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Trading Honorariums for a Pay Raise

December 24, 1988

The "Pay for FBI" letter from Milt Ahlerich, the FBI's assistant director of the Office of Congressional and Public Affairs (Metro, Dec. 13), should be read by all those individuals who still believe that federal employment is such a desirable career.

All federal agencies, not just the FBI, are finding it increasingly difficult to attract and retain qualified individuals in high-cost areas. The expense of recruiting individuals and training them to be Social Security or tax or immigration law specialists, criminal investigators, defense contracting specialists, word processor or computer operators, or any of the other myriad skills required to make this country run, only to have them leave after a relatively short time for a higher-paying job in the private sector, is appalling. The FBI is one of the higher-graded federal agencies. If it is having trouble recruiting and retaining employees, just imagine what problems some of the lower-paying agencies are facing.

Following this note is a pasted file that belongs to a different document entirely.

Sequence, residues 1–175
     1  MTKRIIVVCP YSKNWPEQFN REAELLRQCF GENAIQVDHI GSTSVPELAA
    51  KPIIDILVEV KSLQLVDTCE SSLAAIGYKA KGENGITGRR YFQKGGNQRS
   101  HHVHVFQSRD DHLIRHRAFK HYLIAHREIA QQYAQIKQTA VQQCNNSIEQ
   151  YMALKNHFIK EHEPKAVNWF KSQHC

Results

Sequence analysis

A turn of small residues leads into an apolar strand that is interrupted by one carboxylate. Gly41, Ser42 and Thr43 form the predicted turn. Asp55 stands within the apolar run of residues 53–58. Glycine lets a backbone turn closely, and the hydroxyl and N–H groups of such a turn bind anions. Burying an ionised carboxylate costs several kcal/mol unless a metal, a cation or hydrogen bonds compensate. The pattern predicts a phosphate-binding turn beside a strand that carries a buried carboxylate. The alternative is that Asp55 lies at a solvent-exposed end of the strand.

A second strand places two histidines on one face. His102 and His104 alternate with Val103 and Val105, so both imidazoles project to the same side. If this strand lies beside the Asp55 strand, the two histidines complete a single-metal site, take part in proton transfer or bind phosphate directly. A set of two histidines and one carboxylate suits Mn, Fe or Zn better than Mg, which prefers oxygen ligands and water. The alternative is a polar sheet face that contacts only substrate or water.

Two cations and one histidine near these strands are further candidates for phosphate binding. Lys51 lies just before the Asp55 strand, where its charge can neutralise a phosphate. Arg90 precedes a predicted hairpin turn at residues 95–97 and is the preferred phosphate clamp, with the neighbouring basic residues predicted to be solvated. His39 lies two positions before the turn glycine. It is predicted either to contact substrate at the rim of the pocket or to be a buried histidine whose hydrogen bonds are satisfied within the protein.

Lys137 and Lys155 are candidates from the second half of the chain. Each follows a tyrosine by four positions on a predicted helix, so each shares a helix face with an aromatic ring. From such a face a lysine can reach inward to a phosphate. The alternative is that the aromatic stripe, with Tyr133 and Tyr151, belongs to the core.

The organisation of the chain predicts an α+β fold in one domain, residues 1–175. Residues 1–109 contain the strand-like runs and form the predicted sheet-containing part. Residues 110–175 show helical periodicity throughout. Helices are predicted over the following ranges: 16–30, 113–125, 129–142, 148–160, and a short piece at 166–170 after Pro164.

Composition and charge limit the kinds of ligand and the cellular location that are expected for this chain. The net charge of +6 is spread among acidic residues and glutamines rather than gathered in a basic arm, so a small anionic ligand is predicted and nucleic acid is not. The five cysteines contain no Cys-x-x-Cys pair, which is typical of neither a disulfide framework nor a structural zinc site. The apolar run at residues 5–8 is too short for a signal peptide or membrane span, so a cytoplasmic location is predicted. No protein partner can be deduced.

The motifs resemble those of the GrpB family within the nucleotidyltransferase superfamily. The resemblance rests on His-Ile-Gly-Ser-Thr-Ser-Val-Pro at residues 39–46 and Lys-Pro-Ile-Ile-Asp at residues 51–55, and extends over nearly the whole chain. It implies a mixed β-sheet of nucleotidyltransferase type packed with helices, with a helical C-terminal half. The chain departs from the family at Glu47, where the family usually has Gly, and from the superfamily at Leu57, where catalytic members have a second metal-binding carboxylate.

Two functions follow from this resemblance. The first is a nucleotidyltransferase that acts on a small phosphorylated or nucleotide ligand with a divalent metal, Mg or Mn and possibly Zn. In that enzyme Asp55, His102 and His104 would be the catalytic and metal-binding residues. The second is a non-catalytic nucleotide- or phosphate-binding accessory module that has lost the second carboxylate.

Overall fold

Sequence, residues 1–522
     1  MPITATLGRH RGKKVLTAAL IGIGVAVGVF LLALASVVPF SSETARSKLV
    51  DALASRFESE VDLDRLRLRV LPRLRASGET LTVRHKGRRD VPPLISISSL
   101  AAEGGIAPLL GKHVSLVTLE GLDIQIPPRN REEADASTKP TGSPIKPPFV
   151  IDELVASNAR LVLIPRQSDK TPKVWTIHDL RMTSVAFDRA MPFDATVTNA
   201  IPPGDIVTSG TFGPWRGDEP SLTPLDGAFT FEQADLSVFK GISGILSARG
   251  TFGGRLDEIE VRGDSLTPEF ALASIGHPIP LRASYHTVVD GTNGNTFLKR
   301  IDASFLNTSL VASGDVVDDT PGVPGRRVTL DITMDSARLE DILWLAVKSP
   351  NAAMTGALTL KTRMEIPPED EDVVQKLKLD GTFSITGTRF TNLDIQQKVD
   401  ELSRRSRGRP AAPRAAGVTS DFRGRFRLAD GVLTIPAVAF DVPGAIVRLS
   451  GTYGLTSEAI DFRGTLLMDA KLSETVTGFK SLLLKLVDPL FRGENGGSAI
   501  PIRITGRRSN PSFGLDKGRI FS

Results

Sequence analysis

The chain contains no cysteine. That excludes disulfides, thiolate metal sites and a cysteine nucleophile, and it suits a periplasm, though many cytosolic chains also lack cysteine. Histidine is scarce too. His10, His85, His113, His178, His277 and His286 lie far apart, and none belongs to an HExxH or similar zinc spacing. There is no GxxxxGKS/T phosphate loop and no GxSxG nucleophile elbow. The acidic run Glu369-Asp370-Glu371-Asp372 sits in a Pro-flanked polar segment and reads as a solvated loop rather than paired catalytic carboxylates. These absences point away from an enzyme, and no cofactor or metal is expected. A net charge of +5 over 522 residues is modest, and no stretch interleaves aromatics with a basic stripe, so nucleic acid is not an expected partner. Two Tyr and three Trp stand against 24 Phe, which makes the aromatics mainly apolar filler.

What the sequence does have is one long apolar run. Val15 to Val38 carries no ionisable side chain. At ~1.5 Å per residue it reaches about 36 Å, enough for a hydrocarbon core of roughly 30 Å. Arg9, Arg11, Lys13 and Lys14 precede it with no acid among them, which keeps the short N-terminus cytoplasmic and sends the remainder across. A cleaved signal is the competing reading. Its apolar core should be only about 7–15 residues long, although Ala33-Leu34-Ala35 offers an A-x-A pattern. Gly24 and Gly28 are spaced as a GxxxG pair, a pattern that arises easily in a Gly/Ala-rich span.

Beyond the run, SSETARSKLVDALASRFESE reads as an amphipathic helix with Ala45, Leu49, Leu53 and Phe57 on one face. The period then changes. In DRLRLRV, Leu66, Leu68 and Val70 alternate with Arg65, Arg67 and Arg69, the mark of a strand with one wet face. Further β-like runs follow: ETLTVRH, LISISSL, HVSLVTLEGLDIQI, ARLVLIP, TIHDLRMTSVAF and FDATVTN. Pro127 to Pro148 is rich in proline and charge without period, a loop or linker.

Federal employee-bashing has been a popular pastime for the current Administration and many of its supporters. The bureaucrats have been blamed for everything from the national debt to the pollution of the environment. They are an easy target. Pay and benefits have slipped drastically. The President's own advisory committee on federal pay has reported that federal pay has dropped so far below prevailing industry rates that private industry does not even bother to include it in their pay-setting decisions.

With the incoming Administration talking about a "flexible freeze," the future indeed looks bleak for federal agencies and the "loyal and dedicated employees" who remain.

WILLIAM V. EVANS

Chapter 15, Los Angeles

National Treasury Employees Union

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